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Limited Incision Rhytidectomy
WHAT YOU NEED TO KNOW:
A limited incision rhytidectomy, or mini facelift, is surgery to removed signs of aging, such as wrinkles, extra fat, and loose skin. This surgery uses fewer, smaller incisions than a regular rhytidectomy.
HOW TO PREPARE:
The week before your surgery:
- Write down the correct date, time, and location of your surgery.
- Arrange a ride home. Ask a family member or friend to drive you home after your surgery or procedure. Do not drive yourself home.
- Ask your caregiver if you need to stop using aspirin or any other prescribed or over-the-counter medicine before your procedure or surgery.
- Bring your medicine bottles or a list of your medicines when you see your caregiver. Tell your caregiver if you are allergic to any medicine. Tell your caregiver if you use any herbs, food supplements, or over-the-counter medicine.
- If you smoke, you may need to quit for at least 2 weeks before your surgery. This will help your incisions heal faster.
- Your healthcare provider may take pictures of your face and neck to help plan your surgery. You may need blood tests before your surgery. Talk to your healthcare provider about these and other tests you may need. Write down the date, time, and location of each test.
The night before your surgery:
- Ask caregivers about directions for eating and drinking.
The day of your surgery:
- You or a close family member will be asked to sign a legal document called a consent form. It gives caregivers permission to do the procedure or surgery. It also explains the problems that may happen, and your choices. Make sure all your questions are answered before you sign this form.
- Caregivers may insert an intravenous tube (IV) into your vein. A vein in the arm is usually chosen. Through the IV tube, you may be given liquids and medicine.
- An anesthesiologist will talk to you before your surgery. You may need medicine to keep you asleep or numb an area of your body during surgery. Tell caregivers if you or anyone in your family has had a problem with anesthesia in the past.
WHAT WILL HAPPEN:
What will happen:
- Your healthcare provider will make small incisions in front of your ears, hairline, and lower jawbone. A small incision will also be made near the outer edge of your eyes. Your healthcare provider will gently lift your skin so he can see your facial tissue, fat, and muscles. Your healthcare provider may use stitches to attach tissue or fat to parts of your facial bones or fascia. Fascia is strong connective tissue in your face. Your healthcare provider may place an endoscope inside the incisions to see the tissue under your skin. An endoscope is a thin, bendable tube with a light and camera at the end.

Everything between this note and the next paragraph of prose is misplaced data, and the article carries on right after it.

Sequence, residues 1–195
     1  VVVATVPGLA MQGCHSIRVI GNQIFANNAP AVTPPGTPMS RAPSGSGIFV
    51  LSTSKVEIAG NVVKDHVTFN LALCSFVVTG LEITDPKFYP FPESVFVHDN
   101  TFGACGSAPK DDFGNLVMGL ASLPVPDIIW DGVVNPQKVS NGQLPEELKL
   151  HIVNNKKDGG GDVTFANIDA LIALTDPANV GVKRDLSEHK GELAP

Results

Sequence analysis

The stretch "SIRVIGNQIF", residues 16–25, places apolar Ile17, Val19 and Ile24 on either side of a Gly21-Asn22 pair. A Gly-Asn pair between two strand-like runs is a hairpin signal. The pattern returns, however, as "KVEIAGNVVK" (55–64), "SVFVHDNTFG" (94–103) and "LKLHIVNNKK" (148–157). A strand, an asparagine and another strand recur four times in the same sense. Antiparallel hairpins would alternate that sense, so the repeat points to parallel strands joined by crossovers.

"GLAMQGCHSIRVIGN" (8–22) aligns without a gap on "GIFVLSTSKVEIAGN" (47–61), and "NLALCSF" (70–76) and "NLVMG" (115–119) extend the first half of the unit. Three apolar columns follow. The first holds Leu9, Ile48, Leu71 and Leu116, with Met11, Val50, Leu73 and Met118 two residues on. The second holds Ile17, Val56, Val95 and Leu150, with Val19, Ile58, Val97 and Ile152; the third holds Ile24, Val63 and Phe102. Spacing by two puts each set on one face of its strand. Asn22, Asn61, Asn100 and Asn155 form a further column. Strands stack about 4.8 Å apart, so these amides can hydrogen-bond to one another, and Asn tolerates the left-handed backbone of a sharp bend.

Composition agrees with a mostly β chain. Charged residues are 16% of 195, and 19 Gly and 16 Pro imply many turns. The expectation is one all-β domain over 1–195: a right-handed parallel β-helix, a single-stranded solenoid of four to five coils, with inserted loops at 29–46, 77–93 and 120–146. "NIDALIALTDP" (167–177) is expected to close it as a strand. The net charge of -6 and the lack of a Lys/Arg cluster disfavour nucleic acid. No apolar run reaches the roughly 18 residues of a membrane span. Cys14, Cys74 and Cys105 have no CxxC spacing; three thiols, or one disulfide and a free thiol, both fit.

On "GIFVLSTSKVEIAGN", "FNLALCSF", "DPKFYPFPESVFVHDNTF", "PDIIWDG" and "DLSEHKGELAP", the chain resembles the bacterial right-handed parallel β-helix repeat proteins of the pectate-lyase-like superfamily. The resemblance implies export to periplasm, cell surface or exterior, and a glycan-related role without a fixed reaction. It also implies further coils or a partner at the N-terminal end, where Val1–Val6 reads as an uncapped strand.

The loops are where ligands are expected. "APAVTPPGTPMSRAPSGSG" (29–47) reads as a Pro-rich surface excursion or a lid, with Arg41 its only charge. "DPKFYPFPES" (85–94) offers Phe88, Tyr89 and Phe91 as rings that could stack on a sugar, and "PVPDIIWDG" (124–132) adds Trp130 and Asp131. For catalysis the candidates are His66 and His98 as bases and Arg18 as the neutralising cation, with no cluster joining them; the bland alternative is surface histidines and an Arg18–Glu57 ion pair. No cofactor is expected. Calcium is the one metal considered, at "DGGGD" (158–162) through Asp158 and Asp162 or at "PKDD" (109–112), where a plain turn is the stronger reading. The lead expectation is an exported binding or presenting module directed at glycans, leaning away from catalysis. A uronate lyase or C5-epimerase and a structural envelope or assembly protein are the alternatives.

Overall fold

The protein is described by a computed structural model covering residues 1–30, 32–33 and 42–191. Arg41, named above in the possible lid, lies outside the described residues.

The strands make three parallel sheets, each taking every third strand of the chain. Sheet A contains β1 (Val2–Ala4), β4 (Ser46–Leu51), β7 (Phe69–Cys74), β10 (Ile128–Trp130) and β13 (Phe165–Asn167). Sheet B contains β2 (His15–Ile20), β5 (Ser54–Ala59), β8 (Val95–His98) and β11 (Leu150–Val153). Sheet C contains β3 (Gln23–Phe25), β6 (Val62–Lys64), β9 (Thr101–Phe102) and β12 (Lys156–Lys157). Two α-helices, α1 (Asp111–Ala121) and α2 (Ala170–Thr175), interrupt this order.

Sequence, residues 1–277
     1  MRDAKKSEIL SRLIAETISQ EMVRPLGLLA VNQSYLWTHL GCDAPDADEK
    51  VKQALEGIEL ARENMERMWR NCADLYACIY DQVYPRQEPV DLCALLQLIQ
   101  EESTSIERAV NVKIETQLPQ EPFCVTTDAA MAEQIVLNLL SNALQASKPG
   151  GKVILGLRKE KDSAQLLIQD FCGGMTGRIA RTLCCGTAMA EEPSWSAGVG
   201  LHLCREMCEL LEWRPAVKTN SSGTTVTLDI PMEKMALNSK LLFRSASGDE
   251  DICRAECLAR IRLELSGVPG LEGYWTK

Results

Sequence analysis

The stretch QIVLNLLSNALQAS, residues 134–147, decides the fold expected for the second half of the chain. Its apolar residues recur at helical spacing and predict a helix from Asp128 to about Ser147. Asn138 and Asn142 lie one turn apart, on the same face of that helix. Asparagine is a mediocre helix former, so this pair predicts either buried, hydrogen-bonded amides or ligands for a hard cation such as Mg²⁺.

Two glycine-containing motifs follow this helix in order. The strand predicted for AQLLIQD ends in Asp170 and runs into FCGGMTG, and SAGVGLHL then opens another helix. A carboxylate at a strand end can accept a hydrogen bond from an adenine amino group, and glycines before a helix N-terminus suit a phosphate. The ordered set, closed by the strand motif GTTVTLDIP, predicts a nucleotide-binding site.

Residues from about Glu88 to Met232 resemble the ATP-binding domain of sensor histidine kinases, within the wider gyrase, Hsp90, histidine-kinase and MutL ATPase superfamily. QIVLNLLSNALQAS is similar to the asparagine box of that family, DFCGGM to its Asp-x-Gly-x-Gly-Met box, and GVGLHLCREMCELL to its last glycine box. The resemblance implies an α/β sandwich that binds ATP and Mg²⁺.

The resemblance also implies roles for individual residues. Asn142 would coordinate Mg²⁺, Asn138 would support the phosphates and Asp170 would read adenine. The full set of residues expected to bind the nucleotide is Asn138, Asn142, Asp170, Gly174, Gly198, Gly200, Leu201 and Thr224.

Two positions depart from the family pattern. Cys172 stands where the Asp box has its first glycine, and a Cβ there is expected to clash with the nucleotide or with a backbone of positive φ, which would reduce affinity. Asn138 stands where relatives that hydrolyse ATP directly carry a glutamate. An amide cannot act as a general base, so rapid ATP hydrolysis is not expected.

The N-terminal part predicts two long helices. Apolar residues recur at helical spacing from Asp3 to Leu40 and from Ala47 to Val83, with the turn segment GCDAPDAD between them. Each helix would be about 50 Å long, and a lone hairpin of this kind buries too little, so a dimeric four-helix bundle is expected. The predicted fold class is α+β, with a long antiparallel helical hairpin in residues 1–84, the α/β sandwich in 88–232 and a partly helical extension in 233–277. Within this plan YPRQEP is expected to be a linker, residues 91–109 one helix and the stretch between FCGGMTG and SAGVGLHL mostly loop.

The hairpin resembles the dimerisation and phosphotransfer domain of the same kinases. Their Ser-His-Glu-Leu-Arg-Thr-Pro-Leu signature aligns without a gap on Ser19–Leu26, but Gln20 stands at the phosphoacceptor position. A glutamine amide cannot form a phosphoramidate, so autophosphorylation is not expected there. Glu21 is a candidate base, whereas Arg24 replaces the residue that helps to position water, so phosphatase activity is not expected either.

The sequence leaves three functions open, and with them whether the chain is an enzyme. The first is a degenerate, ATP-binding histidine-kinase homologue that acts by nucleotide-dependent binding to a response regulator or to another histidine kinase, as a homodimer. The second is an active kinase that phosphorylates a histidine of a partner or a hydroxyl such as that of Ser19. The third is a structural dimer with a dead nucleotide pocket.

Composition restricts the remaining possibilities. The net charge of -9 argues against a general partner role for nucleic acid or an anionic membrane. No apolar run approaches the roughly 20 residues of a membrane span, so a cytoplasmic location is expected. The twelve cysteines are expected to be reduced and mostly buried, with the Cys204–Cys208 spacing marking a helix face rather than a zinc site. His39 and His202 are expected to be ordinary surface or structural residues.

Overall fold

- Your healthcare provider may use thread to pull your tissue upwards. This thread also is used to lift your sagging cheeks and brows. Your healthcare provider will pull up the extra skin on your neck and chin. He may put glue over the tissue in your cheeks and forehead. This may add fullness to the area and help prevent bruising. A gel-like filler also may be used to add fullness to your face. The incisions will be closed with stitches and covered with bandages.
After your surgery:
You will be taken to a room to rest until you are fully awake. The head of your bed will be elevated to help decrease swelling. Your healthcare provider will remove your bandages to check for bruises and nerve damage. Do not get out of bed until your healthcare provider says it is okay. When your healthcare provider sees that you are okay, you will be taken to your hospital room.
CONTACT YOUR HEALTHCARE PROVIDER IF:
- You cannot make it to your surgery.
- You have a fever.
- You get a cold or the flu.
- You have questions or concerns about your surgery.
You may bleed more than expected or get an infection. You may not be happy with the results of your facelift. You may have scars or hair loss. Your face may swell or parts of your face may droop. You may have large bruises caused by bleeding in your face and neck. These bruises can cause tissue in your face and neck to be damaged. You may have pain in your jaw, which may make it hard for you to open your mouth. You may have nerve damage that causes parts of your face or neck to be weak or numb. You may need another surgery to fix these problems.
Care AgreementYou have the right to help plan your care. Learn about your health condition and how it may be treated. Discuss treatment options with your caregivers to decide what care you want to receive. You always have the right to refuse treatment.
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The above information is an educational aid only. It is not intended as medical advice for individual conditions or treatments. Talk to your doctor, nurse or pharmacist before following any medical regimen to see if it is safe and effective for you.